How to Care for Linen
What is linen made from?
Linen is a natural fibre made from the stalk of the flax plant. The long fibres from the flax plant are spun into linen, then weaved to create linen fabric.
A textile known for its incredible properties, linen is strong, durable, moisture-wicking, and also dries quicker than cotton. It’s a desirable choice for sheets and clothing, particularly because it softens the more it’s washed and used. Linen is a natural insulator and will retain heat and warmth from the body in colder months, while keeping you cool and dry during summer.
There are several types of linen used to meet a variety of needs. Common linen mixes include:
- Sheeting linen – a sturdy, heavy type usually manufactured for sheets
- Damask linen – woven on a jacquard loom to create a smooth texture, usually used for napkins and tablecloths
- Blended linen – blended with cotton to make it extra soft and comfortable, ideal for clothing
- Plain-woven linen – also known as glass towelling as it’s commonly used for wiping glassware.
How do you wash linen clothes?
Linen can be machine washed but, as always, double-check the garment’s washing instructions before tossing it in the wash. It may specify it needs to be hand washed or dry cleaned.
Like all natural fibres, linen needs to be washed carefully to avoid shrinkage and wrinkles:
- Linen should be washed with similar colours and separated from regular clothes.
- Avoid cramming the garments in with too many other items as this increases the chance of the material creasing.
- Wash your linen on a gentle cycle on a medium (lukewarm) water setting. They should never be washed in hot or cold water.
- Use a high-quality detergent and consider spot-testing new cleaning products before using them on the entire garment.
Hand washing might be recommended for particularly delicate pieces of linen clothing.
How do you soften linen?
While linen will naturally soften over time, newly purchased linen might feel stiffer and coarser than you’d prefer. To speed up the softening process, there are several options you can try.
- Launder your linen as per the manufacturers recommendation to lessen the stiffness. If this doesn’t work after the first few washes, it might mean the stiffness is due to the weave of linen. You can break down the material by vigorously washing the material by hand.
- Unfortunately, fabric softeners won’t work as well on linen material – and they might also leave unwanted residue. Opt for a natural fabric softener by adding ½ cup of baking soda or 1 cup of vinegar to the wash.
Can you iron linen?
Yes, linen can be ironed. But you should still always check the label in case it specifies otherwise – the linen might be suited to ironing, but the lining or other materials blended in might not be.
How to iron linen:
- For the best ironing results, spray your linen with plain, cool water until lightly damp.
- Roll the garments loosely before you iron so the water can seep into the fibres.
- Place a towel over the ironing board to pad the surface.
- Use a good-quality steam iron and set it to either high heat or linen/cotton.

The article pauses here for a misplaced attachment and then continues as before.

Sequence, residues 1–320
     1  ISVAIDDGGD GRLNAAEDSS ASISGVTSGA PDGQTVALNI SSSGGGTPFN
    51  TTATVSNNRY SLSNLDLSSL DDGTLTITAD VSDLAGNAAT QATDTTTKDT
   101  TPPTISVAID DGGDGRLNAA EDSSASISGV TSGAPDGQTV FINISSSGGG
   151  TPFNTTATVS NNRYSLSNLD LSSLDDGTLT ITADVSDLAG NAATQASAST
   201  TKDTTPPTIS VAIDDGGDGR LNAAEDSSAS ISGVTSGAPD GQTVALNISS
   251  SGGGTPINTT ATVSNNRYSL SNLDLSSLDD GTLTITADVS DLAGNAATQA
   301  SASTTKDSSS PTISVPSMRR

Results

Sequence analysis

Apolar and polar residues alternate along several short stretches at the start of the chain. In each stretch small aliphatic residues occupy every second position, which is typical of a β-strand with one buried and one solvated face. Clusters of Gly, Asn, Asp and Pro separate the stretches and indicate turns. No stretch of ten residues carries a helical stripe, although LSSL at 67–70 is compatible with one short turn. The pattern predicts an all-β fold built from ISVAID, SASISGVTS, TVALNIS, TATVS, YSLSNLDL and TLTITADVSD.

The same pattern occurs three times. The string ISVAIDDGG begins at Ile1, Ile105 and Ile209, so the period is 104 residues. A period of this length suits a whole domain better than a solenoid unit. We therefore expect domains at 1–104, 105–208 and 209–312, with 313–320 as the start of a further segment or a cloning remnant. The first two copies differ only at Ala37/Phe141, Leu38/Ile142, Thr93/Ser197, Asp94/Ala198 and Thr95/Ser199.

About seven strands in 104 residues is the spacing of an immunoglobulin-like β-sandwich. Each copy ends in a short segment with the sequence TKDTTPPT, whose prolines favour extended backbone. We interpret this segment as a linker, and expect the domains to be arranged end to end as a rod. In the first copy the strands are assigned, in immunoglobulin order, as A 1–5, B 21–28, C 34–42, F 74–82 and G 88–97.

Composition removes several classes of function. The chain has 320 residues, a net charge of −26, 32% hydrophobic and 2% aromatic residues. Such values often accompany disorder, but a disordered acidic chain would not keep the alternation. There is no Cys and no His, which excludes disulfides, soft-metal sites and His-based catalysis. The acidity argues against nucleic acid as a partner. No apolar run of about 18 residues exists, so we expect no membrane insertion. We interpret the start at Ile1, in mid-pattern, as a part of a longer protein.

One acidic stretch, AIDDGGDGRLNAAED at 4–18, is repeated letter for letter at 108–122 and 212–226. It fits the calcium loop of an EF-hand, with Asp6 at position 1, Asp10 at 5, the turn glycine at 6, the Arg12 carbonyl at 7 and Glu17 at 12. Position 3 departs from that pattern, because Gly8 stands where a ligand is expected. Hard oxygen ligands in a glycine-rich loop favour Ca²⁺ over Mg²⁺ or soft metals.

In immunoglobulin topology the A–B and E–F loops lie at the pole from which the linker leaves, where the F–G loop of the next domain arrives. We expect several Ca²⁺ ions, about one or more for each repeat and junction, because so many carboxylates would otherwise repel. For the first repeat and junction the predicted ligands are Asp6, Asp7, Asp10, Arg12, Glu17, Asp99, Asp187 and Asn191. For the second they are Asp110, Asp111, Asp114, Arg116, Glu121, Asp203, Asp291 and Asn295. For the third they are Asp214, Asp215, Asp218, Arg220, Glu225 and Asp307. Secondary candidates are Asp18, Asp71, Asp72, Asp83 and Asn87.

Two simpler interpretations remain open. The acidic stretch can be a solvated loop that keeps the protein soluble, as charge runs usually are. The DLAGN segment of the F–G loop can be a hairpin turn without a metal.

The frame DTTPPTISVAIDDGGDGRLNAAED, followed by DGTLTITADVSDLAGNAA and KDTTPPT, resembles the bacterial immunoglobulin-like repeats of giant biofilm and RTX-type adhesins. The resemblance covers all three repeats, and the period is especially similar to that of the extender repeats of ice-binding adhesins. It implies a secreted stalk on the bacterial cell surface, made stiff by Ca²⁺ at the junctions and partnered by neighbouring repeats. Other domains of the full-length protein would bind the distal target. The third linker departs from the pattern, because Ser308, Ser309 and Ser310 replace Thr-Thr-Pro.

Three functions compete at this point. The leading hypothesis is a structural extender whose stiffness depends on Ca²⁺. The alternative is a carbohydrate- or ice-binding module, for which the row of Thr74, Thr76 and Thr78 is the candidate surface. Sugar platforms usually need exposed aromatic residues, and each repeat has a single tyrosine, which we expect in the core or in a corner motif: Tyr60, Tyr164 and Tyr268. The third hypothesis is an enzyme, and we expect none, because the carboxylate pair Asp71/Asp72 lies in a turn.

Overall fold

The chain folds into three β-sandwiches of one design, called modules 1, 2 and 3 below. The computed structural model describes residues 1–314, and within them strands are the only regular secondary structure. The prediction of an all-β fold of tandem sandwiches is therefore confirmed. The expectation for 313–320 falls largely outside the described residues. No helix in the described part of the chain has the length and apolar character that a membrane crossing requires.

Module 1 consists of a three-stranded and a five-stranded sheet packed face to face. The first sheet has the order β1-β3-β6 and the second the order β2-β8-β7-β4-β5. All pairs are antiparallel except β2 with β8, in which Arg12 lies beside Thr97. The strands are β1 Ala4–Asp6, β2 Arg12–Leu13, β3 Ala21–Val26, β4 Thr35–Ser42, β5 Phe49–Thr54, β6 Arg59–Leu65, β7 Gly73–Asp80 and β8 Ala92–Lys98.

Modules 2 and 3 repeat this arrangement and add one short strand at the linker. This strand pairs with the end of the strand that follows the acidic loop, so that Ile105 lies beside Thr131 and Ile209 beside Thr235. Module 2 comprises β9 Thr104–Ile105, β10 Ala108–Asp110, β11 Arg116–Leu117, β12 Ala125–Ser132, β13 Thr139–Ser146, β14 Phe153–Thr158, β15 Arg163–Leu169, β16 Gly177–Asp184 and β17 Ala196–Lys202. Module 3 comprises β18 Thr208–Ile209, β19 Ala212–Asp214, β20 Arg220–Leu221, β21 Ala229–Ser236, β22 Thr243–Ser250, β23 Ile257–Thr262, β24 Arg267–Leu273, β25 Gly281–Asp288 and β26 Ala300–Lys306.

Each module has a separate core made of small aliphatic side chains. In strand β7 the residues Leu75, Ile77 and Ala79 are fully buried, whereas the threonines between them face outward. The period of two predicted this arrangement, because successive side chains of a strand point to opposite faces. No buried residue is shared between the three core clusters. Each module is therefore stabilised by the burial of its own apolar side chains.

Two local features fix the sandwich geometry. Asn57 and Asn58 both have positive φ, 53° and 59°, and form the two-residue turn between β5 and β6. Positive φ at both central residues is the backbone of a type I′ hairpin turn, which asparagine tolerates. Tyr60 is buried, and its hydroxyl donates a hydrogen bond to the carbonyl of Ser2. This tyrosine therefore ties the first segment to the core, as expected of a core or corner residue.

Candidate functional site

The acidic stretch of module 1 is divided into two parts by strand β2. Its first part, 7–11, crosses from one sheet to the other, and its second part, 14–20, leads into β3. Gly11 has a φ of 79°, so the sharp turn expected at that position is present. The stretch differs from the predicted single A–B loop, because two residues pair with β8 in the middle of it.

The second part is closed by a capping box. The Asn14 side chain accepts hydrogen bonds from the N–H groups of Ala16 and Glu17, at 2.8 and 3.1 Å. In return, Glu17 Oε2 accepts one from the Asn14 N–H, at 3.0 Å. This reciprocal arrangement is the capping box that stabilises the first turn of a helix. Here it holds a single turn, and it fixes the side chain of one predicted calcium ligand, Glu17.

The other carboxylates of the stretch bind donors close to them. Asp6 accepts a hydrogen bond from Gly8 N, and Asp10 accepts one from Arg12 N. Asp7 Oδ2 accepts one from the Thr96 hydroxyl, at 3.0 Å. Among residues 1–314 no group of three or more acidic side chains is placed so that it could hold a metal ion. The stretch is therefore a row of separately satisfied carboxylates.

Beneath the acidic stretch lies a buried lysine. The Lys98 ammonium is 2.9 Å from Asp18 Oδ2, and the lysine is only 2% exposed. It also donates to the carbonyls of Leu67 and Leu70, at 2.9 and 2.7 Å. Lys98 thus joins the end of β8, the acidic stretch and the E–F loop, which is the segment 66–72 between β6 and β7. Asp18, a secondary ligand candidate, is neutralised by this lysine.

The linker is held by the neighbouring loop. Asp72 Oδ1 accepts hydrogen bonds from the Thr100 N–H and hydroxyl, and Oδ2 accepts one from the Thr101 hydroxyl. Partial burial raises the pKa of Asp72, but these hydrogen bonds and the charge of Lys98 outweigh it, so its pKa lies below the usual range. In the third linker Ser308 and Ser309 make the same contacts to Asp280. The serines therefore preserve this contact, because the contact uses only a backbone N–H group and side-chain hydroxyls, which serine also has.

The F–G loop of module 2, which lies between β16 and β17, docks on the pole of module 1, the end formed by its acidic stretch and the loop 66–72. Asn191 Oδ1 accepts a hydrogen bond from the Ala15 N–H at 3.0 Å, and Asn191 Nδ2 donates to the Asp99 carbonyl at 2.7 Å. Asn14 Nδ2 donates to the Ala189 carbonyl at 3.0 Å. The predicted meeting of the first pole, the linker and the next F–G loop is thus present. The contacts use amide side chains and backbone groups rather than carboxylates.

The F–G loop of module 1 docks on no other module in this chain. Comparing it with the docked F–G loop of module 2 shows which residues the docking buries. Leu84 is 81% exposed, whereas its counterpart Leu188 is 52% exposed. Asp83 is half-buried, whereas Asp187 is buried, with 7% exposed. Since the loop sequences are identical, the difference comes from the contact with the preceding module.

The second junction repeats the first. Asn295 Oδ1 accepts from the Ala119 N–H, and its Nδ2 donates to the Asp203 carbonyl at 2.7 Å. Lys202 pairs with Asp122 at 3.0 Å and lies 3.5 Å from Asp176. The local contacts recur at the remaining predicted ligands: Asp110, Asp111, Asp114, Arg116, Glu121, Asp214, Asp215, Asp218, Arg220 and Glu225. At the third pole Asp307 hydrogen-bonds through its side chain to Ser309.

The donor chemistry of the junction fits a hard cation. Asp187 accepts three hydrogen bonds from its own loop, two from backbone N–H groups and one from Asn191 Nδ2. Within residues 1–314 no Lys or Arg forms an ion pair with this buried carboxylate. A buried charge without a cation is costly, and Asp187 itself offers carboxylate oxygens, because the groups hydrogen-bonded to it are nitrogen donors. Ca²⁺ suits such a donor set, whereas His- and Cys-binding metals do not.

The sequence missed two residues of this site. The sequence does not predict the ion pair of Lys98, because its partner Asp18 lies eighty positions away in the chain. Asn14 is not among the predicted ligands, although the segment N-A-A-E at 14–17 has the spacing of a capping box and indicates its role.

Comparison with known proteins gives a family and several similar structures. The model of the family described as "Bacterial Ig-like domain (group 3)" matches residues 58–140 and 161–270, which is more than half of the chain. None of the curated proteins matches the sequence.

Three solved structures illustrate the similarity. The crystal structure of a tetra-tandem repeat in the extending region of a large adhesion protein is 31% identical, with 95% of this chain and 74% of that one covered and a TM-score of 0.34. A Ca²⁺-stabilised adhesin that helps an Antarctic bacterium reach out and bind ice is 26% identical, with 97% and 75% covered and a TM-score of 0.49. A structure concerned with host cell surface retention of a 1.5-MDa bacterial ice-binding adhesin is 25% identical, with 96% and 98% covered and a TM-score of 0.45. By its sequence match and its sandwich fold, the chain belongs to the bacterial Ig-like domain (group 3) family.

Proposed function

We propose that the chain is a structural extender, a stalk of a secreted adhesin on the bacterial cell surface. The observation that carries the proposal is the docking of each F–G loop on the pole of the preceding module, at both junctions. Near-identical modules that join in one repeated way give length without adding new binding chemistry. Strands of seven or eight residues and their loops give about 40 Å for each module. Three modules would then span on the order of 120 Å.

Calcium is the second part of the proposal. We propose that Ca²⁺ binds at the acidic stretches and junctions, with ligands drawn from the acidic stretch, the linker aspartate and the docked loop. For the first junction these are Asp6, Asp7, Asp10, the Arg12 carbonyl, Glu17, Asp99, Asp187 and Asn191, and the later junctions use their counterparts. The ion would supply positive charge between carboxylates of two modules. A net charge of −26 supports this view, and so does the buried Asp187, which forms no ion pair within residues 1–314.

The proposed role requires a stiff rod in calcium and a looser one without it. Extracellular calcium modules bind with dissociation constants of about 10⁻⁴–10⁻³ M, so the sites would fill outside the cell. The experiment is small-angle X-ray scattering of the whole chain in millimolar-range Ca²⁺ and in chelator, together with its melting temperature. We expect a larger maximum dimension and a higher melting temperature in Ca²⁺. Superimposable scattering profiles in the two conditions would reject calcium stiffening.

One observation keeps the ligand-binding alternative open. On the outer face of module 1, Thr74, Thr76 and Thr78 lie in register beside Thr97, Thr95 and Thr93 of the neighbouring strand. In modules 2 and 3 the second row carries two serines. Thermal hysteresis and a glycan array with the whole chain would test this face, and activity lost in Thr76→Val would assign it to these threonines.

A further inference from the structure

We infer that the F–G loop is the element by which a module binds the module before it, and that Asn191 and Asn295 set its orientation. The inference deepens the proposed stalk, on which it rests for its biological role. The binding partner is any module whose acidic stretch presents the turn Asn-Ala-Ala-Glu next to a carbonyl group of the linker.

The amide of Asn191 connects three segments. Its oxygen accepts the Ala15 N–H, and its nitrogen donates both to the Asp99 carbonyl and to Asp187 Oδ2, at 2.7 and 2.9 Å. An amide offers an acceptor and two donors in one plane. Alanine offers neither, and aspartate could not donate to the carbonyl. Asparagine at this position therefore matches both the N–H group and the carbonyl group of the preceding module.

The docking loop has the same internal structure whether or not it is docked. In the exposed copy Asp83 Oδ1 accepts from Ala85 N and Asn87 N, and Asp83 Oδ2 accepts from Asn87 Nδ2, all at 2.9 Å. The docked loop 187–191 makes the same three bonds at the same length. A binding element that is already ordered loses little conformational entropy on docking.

- Keep the iron moving smoothly and continuously (pausing on the one spot may burn the material).
- You might need to spray more water to achieve a smooth finish.
Once you’ve ironed your linen, hang it up to dry for at least 10-15 minutes. Linen clothes should be ironed inside out.
Can you put linen in the dryer?
Yes, linen can be tumble-dried. The only exception is linen garments that haven’t been pre-washed during the production process.
To prevent your linen from creasing or shrinking, use a low heat setting on the dryer and take your linens out while they are still a little damp. This will prevent the material from becoming stiff. Hang your linen up, or lie it down flat for it to finish drying.
Even though you can use the dryer, it’s still a good idea to dry your linen naturally if you can to avoid wrinkles and shrinkage.
Does linen shrink or stretch?
As linen is made from natural fibres, it will usually shrink when washed for the first time. Washing or drying linen at high temperatures will also increase the likelihood of the material shrinking. This is why it’s recommended to purchase linen garments that have a slightly looser fit. It’s also possible to purchase linen that has been “pre-shrunk”.
Pure linen fibres don’t stretch and can also resist damage from abrasion. Due to its low elasticity, the fabric shouldn’t be folded and then ironed in the same spot repeatedly, as this will cause the fabric to eventually break down.
How do you keep linen from wrinkling?
Linen does have a tendency to wrinkle easily – though this is commonly considered part of the look. Due to its light, breathable nature, it creases quite easily even after it’s been freshly ironed.
Unfortunately, linen will wrinkle when worn. While it’s not entirely possible to prevent, there are tips you can use to lessen the creasing:
- Ensure you’re wearing the correct size. Clothes too big are more likely to bag and consequently crease.
- Wash and iron your linen as directed before wear.
- Minimise pants from wrinkling by gently lifting them at the knees before you sit down.
- Smooth your skirt or dress before sitting down by pulling at the tail.
- Remove linen jackets while driving or sitting for large lengths of time. If possible, keep it on a hanger in the car.
Linen was made to naturally crease, so learn to embrace its relaxed look!